There is one drill that really bottom lines your street readiness. It is a staple of many instructors, and rightfully so. If you can only practice one drill, this is it: from seven yards, draw and hit an 8-inch circle. When not wearing a concealment garment 1.5 seconds is a good par time. Make sure you add concealment eventually though, and see if you can’t still break 1.5 seconds.
There are many variations of this fundamental drill. Tom Givens, the man with the data on what really happens in civilian self-defense shootings, and with scores of student victors in these things, likes to see 1.5 seconds from concealment on a 7×9 target at five yards. Neither variation is a gimme, but they are achievable by a shooter who practices and doesn’t just plink during their precious range time. This drill hits all the vital skills: clearing concealment, an efficient draw, good presentation, accuracy, and trigger management, all in a street-relevant time frame.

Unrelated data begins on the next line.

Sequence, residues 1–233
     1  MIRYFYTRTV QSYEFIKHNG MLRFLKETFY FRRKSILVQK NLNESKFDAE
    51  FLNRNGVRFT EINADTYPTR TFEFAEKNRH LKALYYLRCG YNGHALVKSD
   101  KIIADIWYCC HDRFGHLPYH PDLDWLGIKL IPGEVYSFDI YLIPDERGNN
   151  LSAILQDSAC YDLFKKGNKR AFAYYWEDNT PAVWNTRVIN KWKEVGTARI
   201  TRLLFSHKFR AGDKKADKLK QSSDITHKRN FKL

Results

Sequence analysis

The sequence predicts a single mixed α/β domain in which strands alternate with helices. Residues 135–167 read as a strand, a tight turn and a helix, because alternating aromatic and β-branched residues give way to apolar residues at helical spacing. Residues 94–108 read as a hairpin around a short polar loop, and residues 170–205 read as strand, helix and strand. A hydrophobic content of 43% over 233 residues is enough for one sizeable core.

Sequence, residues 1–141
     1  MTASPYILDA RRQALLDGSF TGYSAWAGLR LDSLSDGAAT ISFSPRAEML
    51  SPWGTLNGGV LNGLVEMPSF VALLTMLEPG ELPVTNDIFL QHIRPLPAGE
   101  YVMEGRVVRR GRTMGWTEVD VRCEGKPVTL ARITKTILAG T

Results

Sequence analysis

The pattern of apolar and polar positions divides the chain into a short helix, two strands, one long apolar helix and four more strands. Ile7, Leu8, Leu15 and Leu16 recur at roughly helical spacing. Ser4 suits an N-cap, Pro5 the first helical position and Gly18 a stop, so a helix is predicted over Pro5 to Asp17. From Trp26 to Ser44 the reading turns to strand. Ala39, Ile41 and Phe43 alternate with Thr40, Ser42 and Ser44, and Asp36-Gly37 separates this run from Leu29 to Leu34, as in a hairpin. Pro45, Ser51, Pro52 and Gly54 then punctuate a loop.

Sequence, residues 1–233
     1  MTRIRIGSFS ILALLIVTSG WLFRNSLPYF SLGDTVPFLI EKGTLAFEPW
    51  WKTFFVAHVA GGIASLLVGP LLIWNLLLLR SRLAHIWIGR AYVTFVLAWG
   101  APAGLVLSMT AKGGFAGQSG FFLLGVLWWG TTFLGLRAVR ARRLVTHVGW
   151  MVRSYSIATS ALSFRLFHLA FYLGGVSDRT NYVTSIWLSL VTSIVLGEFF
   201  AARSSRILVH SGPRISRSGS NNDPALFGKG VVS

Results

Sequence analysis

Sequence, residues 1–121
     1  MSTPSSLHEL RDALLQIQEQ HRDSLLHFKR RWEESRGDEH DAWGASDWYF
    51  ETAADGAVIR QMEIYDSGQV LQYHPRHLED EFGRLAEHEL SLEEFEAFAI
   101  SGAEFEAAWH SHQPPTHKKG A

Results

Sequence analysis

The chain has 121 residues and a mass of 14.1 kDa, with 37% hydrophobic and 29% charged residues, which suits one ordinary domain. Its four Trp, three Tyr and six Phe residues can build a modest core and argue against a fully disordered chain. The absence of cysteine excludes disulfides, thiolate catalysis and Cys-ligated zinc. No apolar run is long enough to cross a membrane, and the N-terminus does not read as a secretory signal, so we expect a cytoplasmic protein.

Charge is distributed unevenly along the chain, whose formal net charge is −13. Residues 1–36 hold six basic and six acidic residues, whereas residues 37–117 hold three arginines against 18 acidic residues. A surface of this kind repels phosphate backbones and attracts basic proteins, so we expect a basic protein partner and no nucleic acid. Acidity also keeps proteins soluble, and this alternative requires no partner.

You can use anything for a target that’s about the right size: steel, an IDPA -0 zone, an IPSC A-zone, even an 8.5×11.5 piece of paper folded into an 8.5×8.5 square. Start with an approximate 10-inch circle if you need to.
You’ll need a timer, but if you are ever going to improve you’ll need to buy one sometime. They are much less expensive now than they used to be, and you can even get a shot timer app for your smart phone…so there’s no excuse.
If your range doesn’t allow holster work, improvise, because this is important. You can still clear concealment and pick up your gun from the bench, and practice holster work at home with a dry gun.
Now, this is a drill. It assumes a foundation of skills which need to be achieved first,and also worked on to improve. This isn’t by any means the only street standard, but it is the drill that will tell you, probably better than any other, if your shooting and gun handling skills are street-ready.
Notice that I didn’t say it’d tell you if you were ready. That’s because there’s a whole lot more to self-defense than shooting. But shooting is nonetheless a critical part of it.
Finally: I hit this point often and hard because it’s the part of self-defense that most people foolishly omit. If you carry a gun for self-defense, you have to know the law. Invest the money you’d spend on shaving a tenth of a second off your splits with Andrew Branca’s book or seminars — it’ll pay far greater dividends. Visit this link to learn more, and use the discount code “streetstandards” for a 10% discount.